[Python-ideas] Pattern Matching Syntax (reprise)
kohnt at tobiaskohn.ch
Tue Sep 18 07:29:35 EDT 2018
Please excuse my being late for properly responding to the last thread
on "Pattern Matching Syntax" . As Robert Roskam has already
pointed out at the beginning of that thread, there has been much
previous discussion about adding pattern matching to Python, and
several proposals exist. It is therefore not my intention to propose
yet another syntax choice for pattern matching, but more to share my
experience with implementing it, in the hope of making a worthwhile
contribution to the overall discussion.
This summer, I basically ended up requiring pattern matching in Python
for a research project I am working on. Some initial hacks have then
grown into a library for pattern matching in Python . On the one
hand, my design is certainly heavily influence by Scala, with which I
also work on a regular basis. On the other hand, I ran into various
difficulties, challanges, and it has been particularly important to me
to find a design that blends well with Python, and harnesses what
Python already offers.
I have written down my experience in the form of a discussion on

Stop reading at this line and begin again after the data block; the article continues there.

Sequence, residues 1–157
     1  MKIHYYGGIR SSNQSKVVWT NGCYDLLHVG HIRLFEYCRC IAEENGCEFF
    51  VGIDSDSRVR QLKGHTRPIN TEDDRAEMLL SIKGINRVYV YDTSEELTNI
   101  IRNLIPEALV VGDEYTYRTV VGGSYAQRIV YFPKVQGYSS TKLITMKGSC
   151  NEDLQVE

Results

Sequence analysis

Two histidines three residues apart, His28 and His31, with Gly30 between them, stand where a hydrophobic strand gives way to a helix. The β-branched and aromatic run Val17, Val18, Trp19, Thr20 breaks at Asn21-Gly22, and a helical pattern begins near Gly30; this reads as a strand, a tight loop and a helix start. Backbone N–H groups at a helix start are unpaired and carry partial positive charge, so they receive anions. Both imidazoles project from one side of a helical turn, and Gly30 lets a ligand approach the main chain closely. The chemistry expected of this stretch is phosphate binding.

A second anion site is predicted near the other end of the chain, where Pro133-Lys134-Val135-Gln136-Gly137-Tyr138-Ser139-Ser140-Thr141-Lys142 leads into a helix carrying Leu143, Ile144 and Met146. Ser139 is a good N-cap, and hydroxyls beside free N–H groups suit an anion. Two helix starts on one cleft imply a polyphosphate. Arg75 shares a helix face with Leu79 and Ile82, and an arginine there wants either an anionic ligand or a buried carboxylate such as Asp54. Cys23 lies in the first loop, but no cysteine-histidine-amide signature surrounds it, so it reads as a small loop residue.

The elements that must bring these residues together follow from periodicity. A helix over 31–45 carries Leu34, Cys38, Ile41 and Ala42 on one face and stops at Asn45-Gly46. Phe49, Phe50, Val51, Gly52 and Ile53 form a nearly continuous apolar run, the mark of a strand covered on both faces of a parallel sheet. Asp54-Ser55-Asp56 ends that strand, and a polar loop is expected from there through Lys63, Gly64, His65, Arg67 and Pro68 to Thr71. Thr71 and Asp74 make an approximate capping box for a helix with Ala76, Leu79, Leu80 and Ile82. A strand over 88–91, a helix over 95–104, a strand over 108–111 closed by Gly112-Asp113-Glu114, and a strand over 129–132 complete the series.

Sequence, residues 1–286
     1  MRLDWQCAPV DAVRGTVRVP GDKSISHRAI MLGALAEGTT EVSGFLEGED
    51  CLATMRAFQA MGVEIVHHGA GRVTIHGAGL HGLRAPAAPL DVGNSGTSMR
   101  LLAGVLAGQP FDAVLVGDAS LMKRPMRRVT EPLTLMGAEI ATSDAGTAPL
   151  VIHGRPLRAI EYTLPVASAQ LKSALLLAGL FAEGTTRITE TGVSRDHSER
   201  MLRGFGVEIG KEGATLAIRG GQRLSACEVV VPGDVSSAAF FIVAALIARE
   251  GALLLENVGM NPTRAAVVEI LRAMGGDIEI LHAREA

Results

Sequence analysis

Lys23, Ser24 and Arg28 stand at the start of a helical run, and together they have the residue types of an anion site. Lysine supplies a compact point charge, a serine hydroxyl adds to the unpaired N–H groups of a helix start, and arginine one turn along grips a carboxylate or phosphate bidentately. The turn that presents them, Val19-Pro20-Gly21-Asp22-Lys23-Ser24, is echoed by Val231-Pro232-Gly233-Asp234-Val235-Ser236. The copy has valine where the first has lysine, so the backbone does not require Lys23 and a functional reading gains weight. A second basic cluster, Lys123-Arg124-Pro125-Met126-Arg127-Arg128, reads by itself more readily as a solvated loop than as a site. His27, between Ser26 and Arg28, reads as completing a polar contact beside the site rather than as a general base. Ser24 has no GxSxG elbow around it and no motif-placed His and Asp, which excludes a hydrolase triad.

several options concerning syntax , and implementation ,
respectively. As the articles have turned out longer than I
originally intended, it might take up too much time for those who have
little interest in this matter in the first place. However,
considering that the subject of pattern matching has been coming up
rather regularly, my experience might help to contribute something to
the discussion. Let me provide a brief summary here:
1. PATTERN MATCHING IS NOT SWITCH/CASE
When I am talking about pattern matching, my goal is to do a deep
structural comparison, and extract information from an object.
Consider, for instance, the problem of optimising the AST of a Python
program, and eliminate patterns of the form `x + 0`, and `x - 0`.
What pattern matching should be offering here is a kind of comparison
along the lines of:
`if node == BinOp(?, (Add() or Sub()), Num(0)): ...`
Ideally, it should also return the value of what is marked by the
question mark `?` here, and assign it to a variable `left`, say. The
above comparison is often written as something like, e. g.:
`case BinOp(left, Add()|Sub(), Num(0)): ...`
This use of `case`, however, is not the same as a switch-statement.
Getting the syntax and semantics of nested blocks right is hard.
Every block/suite in Python allows any kind of statements to occur,
which allows for things like nested functions definitions, or having
more than just methods in a class. If we use a two-levelled
block-structure, we run into the problem of finding good semantics for
what the following means (note the variable `x` here):
x = 0
case BinOp(left, Add(), Num(0)):
x += 1
case BinOp(left, Mul(), Num(1)):
In the case of a "switch block", such additional statements like the
`x=0`, and `x+=1` can become quite problematic. On the other hand,
requiring all statements inside the block to be case-statements
violates the orthogonality found otherwise in Python.
I feel that this dilemma is one of the core issues why the syntax of